Importance of the CSA Model

As shareholders, you know there are many benefits to being part of a CSA, (community supported agriculture). The vegetables are fresh, most harvested within a day of distribution, and have better flavor and nutrition than what is available in other outlets. Shareholders are exposed to vegetables they may not normally purchase and are inspired to try new foods. Visits to the farm each week include spending time in the picking field, which provides a firsthand experience of the farm. The weekly distributions help facilitate a relationship with the farmers and thorough understanding of how and where their food is being grown.

Farmers benefit from the CSA model in many ways. Marketing and selling of CSA shares happen primarily during the off-season, allowing the farmer to focus on growing crops during the growing season. This also helps to support up-front costs for supplies and labor. But most importantly, the farm is able to share the risk of growing crops with its members.

The concept of shared risk is most important to the CSA model, especially as extreme weather events, new pests, and disease become more common. Natural disruptions to crop production are a fact of life for farmers and can wipe out entire crops each season. The CSA model helps buffer the farmer against these uncontrollable circumstances. As farmers, we do our best to provide an abundance each week but if the harvest is slim, there’s a notion that we’re in this together.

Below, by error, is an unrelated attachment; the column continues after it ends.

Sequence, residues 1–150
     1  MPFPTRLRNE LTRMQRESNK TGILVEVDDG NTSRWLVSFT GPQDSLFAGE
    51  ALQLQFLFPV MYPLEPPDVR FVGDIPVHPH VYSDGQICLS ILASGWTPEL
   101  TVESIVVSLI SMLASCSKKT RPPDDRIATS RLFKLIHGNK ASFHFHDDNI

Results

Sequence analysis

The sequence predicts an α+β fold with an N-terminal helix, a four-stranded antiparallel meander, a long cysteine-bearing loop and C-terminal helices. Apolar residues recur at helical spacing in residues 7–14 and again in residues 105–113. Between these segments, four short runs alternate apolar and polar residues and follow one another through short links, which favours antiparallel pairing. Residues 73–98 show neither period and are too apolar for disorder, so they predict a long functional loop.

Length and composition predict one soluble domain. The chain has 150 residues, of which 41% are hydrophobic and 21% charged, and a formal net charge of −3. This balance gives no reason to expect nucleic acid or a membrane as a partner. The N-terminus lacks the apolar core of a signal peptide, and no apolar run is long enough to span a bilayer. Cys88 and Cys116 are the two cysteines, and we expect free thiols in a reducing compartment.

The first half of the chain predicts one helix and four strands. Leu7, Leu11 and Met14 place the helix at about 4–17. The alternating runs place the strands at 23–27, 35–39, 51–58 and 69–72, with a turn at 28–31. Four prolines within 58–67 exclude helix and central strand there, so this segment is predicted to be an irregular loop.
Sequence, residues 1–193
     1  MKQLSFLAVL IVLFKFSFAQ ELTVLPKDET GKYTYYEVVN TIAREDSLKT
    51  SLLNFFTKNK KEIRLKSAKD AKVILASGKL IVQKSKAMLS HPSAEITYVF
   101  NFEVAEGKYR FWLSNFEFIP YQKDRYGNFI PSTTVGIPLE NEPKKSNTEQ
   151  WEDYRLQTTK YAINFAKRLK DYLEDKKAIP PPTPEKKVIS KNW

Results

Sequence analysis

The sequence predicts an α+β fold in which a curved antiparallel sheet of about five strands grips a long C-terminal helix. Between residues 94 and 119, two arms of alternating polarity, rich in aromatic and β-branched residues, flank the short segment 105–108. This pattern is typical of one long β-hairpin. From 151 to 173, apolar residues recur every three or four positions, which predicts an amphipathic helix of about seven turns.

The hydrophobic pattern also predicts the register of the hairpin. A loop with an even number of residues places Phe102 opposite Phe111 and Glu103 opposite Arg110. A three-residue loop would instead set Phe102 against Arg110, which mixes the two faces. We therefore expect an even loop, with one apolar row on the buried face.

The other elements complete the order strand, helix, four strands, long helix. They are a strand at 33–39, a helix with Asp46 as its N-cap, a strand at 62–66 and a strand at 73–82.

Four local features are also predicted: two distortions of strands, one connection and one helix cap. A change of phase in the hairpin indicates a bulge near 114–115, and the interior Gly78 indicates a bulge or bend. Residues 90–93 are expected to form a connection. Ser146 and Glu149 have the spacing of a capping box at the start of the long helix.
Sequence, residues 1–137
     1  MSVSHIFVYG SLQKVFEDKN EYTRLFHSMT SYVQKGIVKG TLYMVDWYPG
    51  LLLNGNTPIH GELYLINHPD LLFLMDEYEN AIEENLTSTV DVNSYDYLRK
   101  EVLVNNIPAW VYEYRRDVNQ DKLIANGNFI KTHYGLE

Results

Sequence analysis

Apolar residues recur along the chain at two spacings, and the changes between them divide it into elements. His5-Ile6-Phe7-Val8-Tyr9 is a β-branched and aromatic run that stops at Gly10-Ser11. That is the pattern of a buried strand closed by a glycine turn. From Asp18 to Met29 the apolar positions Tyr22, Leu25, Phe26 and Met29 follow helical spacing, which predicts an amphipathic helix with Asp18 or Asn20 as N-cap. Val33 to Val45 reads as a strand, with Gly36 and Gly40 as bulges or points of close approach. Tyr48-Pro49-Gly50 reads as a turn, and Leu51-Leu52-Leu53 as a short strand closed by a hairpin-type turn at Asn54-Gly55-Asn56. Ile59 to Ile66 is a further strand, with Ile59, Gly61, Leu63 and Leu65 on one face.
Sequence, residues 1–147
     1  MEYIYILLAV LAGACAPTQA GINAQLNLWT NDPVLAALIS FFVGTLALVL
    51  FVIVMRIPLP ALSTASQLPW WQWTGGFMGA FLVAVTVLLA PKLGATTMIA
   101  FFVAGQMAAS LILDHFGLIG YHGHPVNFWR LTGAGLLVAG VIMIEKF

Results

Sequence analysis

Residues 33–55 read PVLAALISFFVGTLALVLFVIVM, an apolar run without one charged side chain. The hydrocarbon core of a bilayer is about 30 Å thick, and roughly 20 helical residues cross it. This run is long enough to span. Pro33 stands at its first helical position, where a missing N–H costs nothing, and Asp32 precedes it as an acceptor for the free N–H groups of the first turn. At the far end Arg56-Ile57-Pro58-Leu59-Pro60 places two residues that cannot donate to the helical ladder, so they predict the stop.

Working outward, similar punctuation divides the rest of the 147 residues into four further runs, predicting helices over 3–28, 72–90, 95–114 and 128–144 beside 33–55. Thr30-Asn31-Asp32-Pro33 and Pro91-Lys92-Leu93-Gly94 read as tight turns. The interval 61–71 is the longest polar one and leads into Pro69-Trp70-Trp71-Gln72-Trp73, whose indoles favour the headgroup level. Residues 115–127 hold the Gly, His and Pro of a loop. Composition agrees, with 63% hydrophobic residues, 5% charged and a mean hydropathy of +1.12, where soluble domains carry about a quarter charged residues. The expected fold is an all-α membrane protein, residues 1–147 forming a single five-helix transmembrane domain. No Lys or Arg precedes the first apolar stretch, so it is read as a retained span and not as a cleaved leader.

To be clear, this farmer feels a great sense of responsibility to provide our shareholders a bountiful harvest each week because of their season-long pledge of support and community around the farm. Extra crops are planted to buffer crop loss and our CSA members always get first priority when crops are scarce. We believe the vibrancy of this farm would not be able to radiate to the broader community without our shareholder commitment.

~ Farmer Andrew